Toastmasters Club of Union now at Kean University

By Keanu Austin

 

Toastmasters International is an educational organization with clubs in many places all around the world including Kean University. Kean’s “Toastmasters Club of Union” is a relatively new club on campus, and though most people don’t know about it, members at the university claim that the club offers an abundance of things that people—especially students—can benefit from.

Members of the club (on the left side of the banner) with President Jeriel Roberts, Vice President of Education Anita D. Crum and Vice President of Public Relations Anna D. Banks (from left to right on the right side of the banner). Photo Credit: Keanu Austin

Members of the club (on the left side of the banner) with President Jeriel Roberts, Vice President of Education Anita D. Crum and Vice President of Public Relations Anna D. Banks (from left to right on the right side of the banner).
Photo Credit: Keanu Austin

Among the people at Kean making and supporting these claims were Janice Johnson of Kean’s career development department and Dr. Lynch, the head of the communication department.

According to Johnson, the program was brought to Kean to help its students. When asked what it could help with, Johnson brought up fears of public speaking and interviewing; common fears plenty of students anywhere struggle with.

Johnson also stressed the importance of practicing to develop these skills, something that the program at Kean will help students with, should they wish to become a member. Testament to this is the program’s slogan, “Where leaders are made,” and its mission statement to provide an opportunity for its members to develop communication and leadership skills.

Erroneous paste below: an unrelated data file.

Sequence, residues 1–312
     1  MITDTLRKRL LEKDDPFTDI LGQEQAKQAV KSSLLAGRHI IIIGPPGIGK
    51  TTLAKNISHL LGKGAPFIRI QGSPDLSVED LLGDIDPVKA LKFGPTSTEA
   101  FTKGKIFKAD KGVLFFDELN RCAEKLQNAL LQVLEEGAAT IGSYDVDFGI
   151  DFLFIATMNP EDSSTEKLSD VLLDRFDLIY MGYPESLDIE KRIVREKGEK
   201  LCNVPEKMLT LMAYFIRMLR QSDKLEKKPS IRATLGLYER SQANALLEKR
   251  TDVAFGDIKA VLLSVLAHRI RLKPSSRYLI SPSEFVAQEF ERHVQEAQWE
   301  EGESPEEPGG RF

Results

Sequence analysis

“It’s a win-win situation for everybody,” Lynch said on the topic of membership. He also claimed that joining requires a small fee, which according to Johnson, is a much more reasonable cost compared to other programs out there.

Both Lynch and Johnson had much to say when asked for more details on how the program and club meetings function. According to Lynch, the meetings are attended by business professionals who participate in workshops, which include giving speeches and critiquing them as a method to help each other improve.

Johnson said that the meetings are lively and well-structured and that one of the things she likes about them is how people can work with each other one-on-one.  She gave one of the club’s meeting activities as an example. The activity, which they call an “icebreaker,” consists of members engaging in a two-way dialogue as a method of fostering communication skills.

Club meetings are held every second and fourth Tuesday of the month in room 118 on the first floor of CAS. According to both Lynch and Johnson, joining won’t only provide you with the opportunity to develop your communication skills, but a chance to develop your resume and advance professionally too.


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